Is It Okay to Move a French Door Fridge on Its Side?
Refrigerators come in all shapes and sizes. Various qualities and characteristics have emerged in favour as they have shifted over the years. At the moment, one prominent design that’s gaining more and more traction is the French door fridge.
If you are unfamiliar with fridge nuances, you may be asking what a French Door refrigerator is. In this article, we’ll be tackling questions like what a french door fridge is and why upright is the best position for moving fridges. Read on!
What Exactly is a French Door Refrigerator?
French doors are double doors that provide a lot of light and open space when installed in a home. They are said to have originated during the French Renaissance when symmetry was popular in construction, which is why they are known as “French doors.”
These refrigerators have two outward-opening refrigerator doors with a split in the center. They can be opened separately or both at the same time. The concept is that by opening both, you open up the entire space, making everything visible. The bottom of most French door refrigerators has one or two freezer drawers. This is useful because most people use the refrigerator more regularly. Furthermore, the sizable bottom freezer drawers provide more organized storage space.
Can You Transport a French Refrigerator On Its Side?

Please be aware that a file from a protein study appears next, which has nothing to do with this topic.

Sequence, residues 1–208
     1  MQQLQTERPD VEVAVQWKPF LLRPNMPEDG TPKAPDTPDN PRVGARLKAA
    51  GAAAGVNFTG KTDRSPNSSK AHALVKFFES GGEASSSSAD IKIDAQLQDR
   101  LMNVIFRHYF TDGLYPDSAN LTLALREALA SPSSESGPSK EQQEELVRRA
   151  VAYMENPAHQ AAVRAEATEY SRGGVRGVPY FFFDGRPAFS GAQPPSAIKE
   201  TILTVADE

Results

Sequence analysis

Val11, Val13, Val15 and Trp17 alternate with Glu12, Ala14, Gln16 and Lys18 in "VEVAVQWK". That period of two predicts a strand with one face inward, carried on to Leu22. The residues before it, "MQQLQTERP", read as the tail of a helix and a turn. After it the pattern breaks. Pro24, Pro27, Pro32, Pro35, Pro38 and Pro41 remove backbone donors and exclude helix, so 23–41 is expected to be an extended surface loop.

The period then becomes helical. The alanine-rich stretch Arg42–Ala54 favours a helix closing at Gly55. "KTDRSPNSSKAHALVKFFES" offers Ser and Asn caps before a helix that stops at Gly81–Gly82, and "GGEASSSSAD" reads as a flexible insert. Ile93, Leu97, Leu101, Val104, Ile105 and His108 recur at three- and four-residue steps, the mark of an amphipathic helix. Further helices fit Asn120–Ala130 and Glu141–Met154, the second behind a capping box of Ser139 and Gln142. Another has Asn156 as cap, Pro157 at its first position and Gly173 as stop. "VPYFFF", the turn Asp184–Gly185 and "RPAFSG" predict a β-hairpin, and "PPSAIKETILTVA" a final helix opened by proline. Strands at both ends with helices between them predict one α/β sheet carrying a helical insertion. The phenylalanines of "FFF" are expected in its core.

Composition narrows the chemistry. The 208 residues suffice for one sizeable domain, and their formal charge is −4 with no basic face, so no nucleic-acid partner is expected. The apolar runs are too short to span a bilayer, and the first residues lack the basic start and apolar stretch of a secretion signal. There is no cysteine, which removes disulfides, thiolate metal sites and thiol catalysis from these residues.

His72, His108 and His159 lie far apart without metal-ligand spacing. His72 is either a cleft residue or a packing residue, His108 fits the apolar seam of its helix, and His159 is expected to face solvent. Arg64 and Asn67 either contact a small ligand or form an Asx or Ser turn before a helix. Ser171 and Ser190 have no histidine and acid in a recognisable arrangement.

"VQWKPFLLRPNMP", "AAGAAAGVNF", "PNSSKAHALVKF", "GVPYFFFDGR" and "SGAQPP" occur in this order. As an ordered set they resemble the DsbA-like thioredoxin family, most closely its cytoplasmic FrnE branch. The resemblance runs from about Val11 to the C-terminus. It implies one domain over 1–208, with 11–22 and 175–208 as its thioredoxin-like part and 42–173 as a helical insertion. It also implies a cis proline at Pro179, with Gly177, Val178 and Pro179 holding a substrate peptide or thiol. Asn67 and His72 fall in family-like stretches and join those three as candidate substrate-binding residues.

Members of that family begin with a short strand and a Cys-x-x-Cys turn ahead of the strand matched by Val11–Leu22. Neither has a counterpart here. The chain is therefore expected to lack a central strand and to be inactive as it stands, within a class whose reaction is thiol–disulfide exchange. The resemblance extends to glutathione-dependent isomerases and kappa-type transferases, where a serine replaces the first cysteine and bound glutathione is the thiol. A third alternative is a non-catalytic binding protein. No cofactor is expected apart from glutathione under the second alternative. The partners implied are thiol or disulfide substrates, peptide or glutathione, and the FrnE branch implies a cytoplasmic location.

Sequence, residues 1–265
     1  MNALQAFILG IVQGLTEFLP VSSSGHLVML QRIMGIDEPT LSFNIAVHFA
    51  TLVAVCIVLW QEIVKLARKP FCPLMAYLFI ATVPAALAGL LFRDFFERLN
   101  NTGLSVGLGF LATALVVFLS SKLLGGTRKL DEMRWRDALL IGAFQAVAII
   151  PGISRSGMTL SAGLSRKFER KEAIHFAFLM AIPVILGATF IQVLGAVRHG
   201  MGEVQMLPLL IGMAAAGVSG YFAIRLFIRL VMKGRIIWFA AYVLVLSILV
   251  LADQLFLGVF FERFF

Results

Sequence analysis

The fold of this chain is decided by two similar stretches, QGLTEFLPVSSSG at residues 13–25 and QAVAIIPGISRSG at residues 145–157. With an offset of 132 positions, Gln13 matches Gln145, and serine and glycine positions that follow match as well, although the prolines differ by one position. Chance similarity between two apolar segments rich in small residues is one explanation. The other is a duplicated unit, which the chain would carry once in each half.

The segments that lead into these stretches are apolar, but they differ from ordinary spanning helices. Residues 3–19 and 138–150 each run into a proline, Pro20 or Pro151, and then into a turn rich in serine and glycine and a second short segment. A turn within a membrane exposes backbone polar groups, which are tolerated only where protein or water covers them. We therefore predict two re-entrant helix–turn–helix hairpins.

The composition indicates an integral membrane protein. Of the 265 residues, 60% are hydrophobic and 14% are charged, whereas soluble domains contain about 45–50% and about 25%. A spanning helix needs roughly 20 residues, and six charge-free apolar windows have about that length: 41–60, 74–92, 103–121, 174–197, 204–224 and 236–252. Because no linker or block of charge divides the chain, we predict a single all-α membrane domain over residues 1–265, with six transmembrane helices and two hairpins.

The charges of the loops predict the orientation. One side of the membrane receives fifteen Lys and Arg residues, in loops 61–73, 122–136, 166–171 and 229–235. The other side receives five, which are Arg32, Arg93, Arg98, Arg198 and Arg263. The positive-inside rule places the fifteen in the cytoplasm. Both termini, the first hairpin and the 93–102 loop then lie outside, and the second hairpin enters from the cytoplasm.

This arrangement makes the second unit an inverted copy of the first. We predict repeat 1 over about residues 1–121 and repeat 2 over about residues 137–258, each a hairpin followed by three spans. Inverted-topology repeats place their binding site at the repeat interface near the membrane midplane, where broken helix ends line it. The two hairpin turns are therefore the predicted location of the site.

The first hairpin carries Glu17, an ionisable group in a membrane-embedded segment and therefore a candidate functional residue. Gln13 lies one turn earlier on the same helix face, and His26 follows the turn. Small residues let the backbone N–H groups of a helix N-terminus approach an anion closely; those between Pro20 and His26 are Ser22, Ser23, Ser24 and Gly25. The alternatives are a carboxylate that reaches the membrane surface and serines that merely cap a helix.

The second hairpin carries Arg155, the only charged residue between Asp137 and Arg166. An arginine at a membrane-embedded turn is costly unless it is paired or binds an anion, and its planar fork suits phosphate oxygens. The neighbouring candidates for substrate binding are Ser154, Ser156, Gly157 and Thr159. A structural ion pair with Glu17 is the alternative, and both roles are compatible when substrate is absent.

While some refrigerator models can be positioned horizontally during transport without any permanent damage, some models strictly require a vertical or prone position while in the truck. As a general rule, all French doors, bottom freezer, compact, and built-in refrigerators can only be moved in an upright or prone position. If you’re unsure about your refrigerator, consult the manufacturer’s guide or website.
What Usually Happens When You Transport Refrigerators On Their Side?
When a refrigerator is horizontal, the oil from the compressor begins to leak out and block the coolant pipes. Suppose you really must move a fridge lying down. In that case, you may try to limit oil leaks by positioning the refrigerator on a side with the compressor tube facing upwards – in other words, if the compressor lines flow out of the fridge’s right side, lay the fridge on its left.
Aside from that, laying a refrigerator flat on its back is a big no-no: the weight of the fridge might harm its internal parts, even if they aren’t exposed.
How Can You Safely Transport Other Refrigerator Models On Their Side?
Refrigerators should ideally be moved upright to avoid disruption to the sealed refrigeration system and prevent interior parts damage. It is typically safe to lay a refrigerator on its side as long as you allow it to rest upright before turning it on. This will allow the oils to return to the compressor.
A decent rule of thumb is to leave the refrigerator upright (and unplugged) for the same period lying on its side. If you place it on its side for 4 hours, you should also rest upright for 4 hours.
Before you start moving your refrigerator, read the moving instructions in your user’s handbook or on the manufacturer’s website. For models with numerous doors or non-standard door configurations, the instructions will typically inform you which side should be placed first.
There are also certain types that, due to their design, cannot be moved securely on their side. If your refrigerator is one of those kinds, you’ll need to make other arrangements and move it upright.
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